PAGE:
Commodities have rallied strongly so far in 2022, as stocks and bonds fell in tandem amid rising interest rates and higher-than-expected inflation. In particular, precious metals like gold, silver, and (sort of) copper outperformed thanks to geopolitical instability and supply chain constraints.
While investors can go out and buy physical gold, silver, or copper bullion, an easier approach that can be done from the comfort of your home (and tax-free/deferred using a TFSA/RRSP) is by buying an exchange-traded funds (ETFs) that tracks the price of gold, silver, or copper.
ETF managers like Horizons ETFs, Purpose Investments, and BlackRock iShares offer a set of low-cost, high-liquidity ETFs that provide exposure to these metals, either through physical storage in a vault or via miner stocks. Let’s take a look at three potential options for gold, silver, and copper, respectively.
The gold option
iShares Gold Bullion ETF (TSX:CGL) offers investors targeted exposure to a vault of gold bullion stored in trust with a custodian with frequent audits. Currently, the ETF has assets under management of $786 million, which corresponds to just over 329,000 ounces of gold.
CGL is also currency hedged. The fund uses futures derivatives to minimize the impacts of fluctuations between the CAD and USD, as the price of gold in USD is different than in CAD. This means reduced volatility but also some tracking error due to the cost of hedging.
In terms of fees, buying CGL will cost a management expense ratio of 0.55%. For a $10,000 portfolio, this means around $55 worth of fees annually. This is high but typical for a commodities-based ETF.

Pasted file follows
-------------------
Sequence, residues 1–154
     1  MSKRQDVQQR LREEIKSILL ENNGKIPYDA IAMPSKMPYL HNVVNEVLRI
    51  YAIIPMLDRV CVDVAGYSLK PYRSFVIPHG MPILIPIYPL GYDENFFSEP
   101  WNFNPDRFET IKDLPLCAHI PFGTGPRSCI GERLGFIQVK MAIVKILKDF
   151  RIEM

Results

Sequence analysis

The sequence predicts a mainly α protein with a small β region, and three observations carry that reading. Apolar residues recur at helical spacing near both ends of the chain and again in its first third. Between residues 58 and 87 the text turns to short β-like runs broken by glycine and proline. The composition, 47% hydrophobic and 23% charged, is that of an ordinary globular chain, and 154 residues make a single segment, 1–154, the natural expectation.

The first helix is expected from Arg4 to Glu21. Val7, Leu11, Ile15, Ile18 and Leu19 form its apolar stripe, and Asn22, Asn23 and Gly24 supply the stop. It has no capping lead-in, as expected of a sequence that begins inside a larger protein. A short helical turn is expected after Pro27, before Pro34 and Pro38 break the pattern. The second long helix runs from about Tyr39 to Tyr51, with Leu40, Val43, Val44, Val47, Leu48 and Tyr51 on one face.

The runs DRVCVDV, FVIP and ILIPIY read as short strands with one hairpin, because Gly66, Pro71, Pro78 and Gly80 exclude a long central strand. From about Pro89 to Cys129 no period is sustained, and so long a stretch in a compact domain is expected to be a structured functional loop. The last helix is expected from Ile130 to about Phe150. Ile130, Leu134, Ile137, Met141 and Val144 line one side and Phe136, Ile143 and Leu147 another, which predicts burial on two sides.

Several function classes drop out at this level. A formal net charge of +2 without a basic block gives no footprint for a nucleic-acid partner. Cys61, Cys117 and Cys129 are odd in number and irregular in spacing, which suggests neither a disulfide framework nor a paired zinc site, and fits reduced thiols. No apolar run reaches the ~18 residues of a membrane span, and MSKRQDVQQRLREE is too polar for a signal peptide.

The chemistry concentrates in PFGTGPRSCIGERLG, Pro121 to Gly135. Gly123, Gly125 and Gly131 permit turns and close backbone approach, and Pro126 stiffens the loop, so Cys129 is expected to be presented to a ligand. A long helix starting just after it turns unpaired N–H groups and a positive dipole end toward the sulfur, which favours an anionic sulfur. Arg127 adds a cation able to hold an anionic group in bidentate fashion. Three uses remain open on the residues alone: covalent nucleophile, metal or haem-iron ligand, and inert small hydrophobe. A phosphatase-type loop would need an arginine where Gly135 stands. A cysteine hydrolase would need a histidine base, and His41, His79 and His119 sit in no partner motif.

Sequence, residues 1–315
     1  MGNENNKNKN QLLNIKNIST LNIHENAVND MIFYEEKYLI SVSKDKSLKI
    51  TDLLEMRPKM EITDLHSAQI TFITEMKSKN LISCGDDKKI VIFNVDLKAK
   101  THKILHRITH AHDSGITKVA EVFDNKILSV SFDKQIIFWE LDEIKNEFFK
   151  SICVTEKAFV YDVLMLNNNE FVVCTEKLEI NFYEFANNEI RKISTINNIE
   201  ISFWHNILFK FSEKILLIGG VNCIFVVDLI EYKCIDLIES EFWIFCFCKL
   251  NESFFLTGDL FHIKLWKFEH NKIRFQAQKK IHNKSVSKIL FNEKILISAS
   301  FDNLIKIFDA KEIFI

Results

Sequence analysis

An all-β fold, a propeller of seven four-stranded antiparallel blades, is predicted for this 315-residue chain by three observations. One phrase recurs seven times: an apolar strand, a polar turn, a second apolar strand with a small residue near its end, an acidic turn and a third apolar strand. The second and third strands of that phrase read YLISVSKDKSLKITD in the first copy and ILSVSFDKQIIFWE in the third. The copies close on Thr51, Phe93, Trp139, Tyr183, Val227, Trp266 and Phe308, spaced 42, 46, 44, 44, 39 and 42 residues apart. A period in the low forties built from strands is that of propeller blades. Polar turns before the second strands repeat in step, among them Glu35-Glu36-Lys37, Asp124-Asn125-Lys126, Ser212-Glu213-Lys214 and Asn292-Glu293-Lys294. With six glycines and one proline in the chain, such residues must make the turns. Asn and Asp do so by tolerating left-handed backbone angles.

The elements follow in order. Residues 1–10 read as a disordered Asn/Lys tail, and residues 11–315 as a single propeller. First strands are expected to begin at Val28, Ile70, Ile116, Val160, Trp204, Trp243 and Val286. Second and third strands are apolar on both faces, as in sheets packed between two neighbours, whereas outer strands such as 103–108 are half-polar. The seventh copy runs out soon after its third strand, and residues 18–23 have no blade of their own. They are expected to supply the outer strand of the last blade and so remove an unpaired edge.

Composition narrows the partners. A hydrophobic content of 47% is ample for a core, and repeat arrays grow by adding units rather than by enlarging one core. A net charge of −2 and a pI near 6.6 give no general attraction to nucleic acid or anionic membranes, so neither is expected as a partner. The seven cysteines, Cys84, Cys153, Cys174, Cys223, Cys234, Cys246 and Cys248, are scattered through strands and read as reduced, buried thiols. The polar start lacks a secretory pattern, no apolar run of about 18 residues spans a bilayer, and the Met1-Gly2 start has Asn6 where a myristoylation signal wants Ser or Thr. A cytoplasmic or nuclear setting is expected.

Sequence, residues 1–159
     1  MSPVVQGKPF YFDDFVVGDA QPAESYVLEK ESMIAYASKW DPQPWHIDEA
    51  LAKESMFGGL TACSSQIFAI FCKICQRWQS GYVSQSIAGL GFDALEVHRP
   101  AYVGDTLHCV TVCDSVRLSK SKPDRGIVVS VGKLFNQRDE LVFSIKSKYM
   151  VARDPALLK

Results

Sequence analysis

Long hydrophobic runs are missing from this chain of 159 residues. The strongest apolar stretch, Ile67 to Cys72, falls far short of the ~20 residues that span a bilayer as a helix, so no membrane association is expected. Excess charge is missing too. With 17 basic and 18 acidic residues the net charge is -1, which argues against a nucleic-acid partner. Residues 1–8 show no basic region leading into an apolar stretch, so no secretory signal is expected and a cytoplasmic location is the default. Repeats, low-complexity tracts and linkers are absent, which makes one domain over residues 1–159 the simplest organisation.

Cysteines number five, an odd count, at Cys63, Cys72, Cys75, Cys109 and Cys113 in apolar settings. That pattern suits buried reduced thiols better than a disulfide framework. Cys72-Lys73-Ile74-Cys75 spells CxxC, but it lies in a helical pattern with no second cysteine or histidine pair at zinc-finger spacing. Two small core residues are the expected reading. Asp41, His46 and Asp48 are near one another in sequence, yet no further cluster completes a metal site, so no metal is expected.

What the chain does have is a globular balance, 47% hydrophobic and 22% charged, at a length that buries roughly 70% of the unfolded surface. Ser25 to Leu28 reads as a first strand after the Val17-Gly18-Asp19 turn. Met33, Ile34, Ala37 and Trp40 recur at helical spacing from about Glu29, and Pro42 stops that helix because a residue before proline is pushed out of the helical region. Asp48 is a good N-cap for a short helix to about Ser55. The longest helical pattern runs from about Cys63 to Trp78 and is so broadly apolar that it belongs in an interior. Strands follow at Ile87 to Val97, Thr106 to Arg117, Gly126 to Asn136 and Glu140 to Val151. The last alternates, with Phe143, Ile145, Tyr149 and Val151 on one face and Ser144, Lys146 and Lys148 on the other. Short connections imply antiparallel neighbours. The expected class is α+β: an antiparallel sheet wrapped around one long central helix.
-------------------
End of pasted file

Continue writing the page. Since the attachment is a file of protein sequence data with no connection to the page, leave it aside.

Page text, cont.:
The silver option
Sprott Physical Silver Trust (NYSE:PSLV) currently holds a total of 160,944,047 ounces of silver deposits in a vault. Like CGL, the ETF has secure custodian, trustee, and auditor appointed to ensure transparency and accuracy. This makes PSLV a great option for gaining silver exposure compared to silver futures ETFs.
It is worth noting that PSLV is structured as a close-ended trust. This means that the share price of PSLV can trade at a discount or premium relative to its net asset value (NAV) at times. Be careful of this when you’re buying to avoid paying a premium.
PSLV is slightly more expensive than CGL, costing a MER of 0.62% to buy and hold. For a $10,000 portfolio, this means around $62 worth of fees annually.
The copper option
Unlike the previous examples on this list, Horizons Copper Producers Index ETF (TSX:COPP) does not hold physical copper bullion in a vault. Rather, the ETF tracks the Solactive North American Listed Copper Producers Index, which holds a portfolio of North American stocks involved in copper ore mining or copper production.
Because COPP holds mining stocks, it is more likely to be correlated with the broader stock market but also have a correlation to the spot price of copper. This makes it a good middle ground for investors still seeking some equity exposure. Compared to pure commodities, COPP is also more likely to have positive expected returns, as its underlying companies grow and pay dividends.
COPP is the most expensive ETF on this list, costing a MER of 0.65%. For a $10,000 portfolio, this means around $62 worth of fees annually. Still, not many Canadian ETFs offer copper exposure, so this is the best bet for now.